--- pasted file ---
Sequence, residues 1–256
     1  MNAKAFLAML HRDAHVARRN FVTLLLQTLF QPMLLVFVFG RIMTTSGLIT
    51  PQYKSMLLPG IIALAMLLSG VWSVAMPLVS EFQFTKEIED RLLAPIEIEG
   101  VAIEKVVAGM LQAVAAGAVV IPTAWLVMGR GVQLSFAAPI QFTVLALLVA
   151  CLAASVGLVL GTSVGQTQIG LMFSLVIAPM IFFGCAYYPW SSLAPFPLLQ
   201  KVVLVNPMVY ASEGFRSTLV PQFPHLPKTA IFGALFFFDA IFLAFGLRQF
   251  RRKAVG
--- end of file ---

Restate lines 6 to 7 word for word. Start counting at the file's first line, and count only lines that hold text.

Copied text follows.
   201  KVVLVNPMVY ASEGFRSTLV PQFPHLPKTA IFGALFFFDA IFLAFGLRQF
   251  RRKAVG